Offshore transmission developer Anbaric has filed an application with the Bureau of Ocean Energy Management (BOEM) for non-exclusive rights-of-way to develop the Southern New England OceanGrid – an independent, open-access offshore transmission system designed to maximize the region’s offshore wind resources.
Once approved by BOEM, the transmission network on the outer continental shelf would link the existing wind lease areas via a common system and deliver that power to the onshore grid. Benefits will include greater efficiency, more reliability, fewer environmental impacts and the ability to direct the energy to specific areas, like Boston and/or the South Coast.
The Southern New England OceanGrid would be developed in phases and anticipates an offshore transmission network connecting up to 16 GW of offshore wind to Massachusetts, Rhode Island and Connecticut. Additionally, it includes transmission line routes that connect BOEM lease areas directly into Boston, Rhode Island’s Narragansett Bay, Massachusetts’ South Coast, and Connecticut to provide offshore wind-generated electricity to area residents.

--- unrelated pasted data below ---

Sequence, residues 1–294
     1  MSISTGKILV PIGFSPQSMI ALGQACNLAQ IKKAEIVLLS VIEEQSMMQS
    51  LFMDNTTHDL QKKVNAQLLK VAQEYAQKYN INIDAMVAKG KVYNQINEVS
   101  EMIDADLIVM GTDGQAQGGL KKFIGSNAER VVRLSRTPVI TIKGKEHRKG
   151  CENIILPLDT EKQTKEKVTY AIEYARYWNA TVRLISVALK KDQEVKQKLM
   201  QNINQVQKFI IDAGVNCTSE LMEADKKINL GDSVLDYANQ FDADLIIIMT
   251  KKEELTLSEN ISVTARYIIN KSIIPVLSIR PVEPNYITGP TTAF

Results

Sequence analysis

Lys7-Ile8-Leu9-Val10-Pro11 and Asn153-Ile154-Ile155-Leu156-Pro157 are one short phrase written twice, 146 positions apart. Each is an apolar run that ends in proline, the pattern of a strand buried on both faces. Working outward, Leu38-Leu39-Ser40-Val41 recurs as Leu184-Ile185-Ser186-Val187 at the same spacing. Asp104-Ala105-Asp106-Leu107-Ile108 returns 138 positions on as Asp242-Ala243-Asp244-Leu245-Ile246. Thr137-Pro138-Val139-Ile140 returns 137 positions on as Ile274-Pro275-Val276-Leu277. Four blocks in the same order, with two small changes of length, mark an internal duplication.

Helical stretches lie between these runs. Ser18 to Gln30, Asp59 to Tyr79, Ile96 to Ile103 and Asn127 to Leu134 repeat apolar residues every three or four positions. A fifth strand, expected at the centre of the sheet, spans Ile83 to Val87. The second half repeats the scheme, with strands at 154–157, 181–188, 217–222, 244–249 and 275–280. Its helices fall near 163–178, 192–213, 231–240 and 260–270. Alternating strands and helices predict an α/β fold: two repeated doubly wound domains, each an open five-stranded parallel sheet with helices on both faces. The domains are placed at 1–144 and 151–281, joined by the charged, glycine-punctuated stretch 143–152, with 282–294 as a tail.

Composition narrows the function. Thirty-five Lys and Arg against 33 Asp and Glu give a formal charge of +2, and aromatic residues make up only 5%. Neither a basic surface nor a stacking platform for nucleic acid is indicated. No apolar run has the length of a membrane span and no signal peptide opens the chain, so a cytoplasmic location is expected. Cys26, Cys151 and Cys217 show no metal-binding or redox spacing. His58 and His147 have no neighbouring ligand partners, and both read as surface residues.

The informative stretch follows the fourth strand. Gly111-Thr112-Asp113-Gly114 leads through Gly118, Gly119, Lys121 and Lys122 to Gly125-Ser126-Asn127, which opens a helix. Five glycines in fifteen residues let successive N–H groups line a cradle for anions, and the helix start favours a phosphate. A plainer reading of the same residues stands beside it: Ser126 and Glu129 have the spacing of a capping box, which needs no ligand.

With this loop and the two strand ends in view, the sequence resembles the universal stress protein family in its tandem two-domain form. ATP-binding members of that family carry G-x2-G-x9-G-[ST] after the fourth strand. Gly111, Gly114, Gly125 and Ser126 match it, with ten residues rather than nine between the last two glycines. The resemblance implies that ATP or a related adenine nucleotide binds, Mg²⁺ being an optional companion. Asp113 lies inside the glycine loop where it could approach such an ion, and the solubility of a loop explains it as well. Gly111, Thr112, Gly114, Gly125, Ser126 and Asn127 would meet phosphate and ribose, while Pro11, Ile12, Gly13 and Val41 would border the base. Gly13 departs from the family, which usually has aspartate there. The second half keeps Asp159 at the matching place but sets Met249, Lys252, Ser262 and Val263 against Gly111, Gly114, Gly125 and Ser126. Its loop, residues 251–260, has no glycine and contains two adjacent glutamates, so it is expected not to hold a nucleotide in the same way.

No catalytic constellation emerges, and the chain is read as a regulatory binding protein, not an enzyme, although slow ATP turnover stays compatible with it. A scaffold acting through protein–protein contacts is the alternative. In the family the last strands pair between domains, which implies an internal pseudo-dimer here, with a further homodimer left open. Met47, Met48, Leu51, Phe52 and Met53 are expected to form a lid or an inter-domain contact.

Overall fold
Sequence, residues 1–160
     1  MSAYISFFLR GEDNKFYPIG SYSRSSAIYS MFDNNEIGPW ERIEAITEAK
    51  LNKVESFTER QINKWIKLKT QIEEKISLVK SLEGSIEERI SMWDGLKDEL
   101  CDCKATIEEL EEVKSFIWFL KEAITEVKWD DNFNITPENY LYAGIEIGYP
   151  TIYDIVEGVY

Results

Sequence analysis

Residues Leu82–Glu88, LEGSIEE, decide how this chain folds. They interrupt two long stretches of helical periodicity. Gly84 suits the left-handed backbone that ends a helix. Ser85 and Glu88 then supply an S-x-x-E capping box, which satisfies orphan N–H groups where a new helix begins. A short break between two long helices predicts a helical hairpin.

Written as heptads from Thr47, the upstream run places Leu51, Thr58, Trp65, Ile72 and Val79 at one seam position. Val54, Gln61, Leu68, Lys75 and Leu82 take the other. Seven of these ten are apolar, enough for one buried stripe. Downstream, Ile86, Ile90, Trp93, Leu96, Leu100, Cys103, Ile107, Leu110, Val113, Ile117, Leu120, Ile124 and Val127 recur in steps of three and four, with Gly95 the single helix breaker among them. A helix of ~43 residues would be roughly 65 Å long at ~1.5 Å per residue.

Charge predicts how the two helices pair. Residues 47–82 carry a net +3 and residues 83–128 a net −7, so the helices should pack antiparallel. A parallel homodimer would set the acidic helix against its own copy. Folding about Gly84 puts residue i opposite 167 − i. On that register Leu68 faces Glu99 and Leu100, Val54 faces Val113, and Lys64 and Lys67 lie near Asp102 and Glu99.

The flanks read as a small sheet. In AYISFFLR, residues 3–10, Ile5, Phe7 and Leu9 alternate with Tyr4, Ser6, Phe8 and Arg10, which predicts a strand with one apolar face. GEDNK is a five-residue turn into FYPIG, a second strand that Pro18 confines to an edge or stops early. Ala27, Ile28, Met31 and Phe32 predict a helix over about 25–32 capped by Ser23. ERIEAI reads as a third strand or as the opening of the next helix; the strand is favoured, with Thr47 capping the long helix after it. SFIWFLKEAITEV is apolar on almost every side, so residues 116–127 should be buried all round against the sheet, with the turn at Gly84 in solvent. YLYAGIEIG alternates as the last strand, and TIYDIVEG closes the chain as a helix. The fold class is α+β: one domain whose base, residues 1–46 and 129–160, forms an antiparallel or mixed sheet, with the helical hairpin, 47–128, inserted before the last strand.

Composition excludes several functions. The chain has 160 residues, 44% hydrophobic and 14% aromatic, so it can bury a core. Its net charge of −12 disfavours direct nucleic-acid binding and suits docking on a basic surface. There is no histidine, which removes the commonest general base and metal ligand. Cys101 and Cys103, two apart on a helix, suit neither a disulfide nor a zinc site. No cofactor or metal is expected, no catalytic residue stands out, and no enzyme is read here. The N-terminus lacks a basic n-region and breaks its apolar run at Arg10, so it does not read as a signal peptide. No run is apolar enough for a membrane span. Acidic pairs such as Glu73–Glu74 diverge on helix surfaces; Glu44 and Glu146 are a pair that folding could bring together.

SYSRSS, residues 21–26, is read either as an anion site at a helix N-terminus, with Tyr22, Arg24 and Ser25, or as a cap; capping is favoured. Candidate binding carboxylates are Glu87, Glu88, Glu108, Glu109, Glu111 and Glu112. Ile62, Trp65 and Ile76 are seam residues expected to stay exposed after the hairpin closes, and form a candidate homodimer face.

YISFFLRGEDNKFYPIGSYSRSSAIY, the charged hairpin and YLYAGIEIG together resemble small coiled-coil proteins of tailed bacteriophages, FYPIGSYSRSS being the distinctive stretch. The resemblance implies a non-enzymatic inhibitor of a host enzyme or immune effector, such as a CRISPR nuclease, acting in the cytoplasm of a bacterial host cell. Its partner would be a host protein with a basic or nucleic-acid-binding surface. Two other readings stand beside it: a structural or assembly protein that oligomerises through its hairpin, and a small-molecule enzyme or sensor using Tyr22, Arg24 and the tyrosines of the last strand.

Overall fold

The Southern New England OceanGrid will be built out over a period of 20 years.
“As offshore wind’s potential gains momentum, it’s time to think big and plan rationally,” says Edward N. Krapels, CEO of Anbaric. “It becomes clearer every day that transmission must lead the way towards greater scale, reliability and efficiency, just as it has in Europe. Individual wind farm developers have gotten the industry off to a good start, but we now need a networked grid to minimize conflict and create a truly reliable offshore transmission system that will substantially de-risk wind projects.”
Anbaric’s BOEM filing underscores the potential environmental benefits of building an open-access, independent transmission system.
“Anbaric’s Southern New England OceanGrid offers the advantage of reducing the overall footprint and potential environmental and socioeconomic impacts of transmission infrastructure. The fishing industry that has been working these waters for hundreds of years is one use that will benefit from rationally planned and implemented transmission,” Krapels adds.
Anbaric’s application to BOEM lays out the minimum number of offshore collector platforms (OCPs) and associated transmission corridors to efficiently obtain the maximum amount of clean power from BOEM lease areas off the southern coast of New England.
Anbaric requested that the federal agency post the application in the Federal Register for public comment no later than Jan. 1, 2020. Once posted, there will be a 30-day public comment period during which others may indicate that they have a competitive interest. It is also an opportunity for comments on environmental, fishing, historic and cultural resource, tribal and economic impacts.
Anbaric currently has an application with BOEM for a New York/New Jersey OceanGrid that remains under review.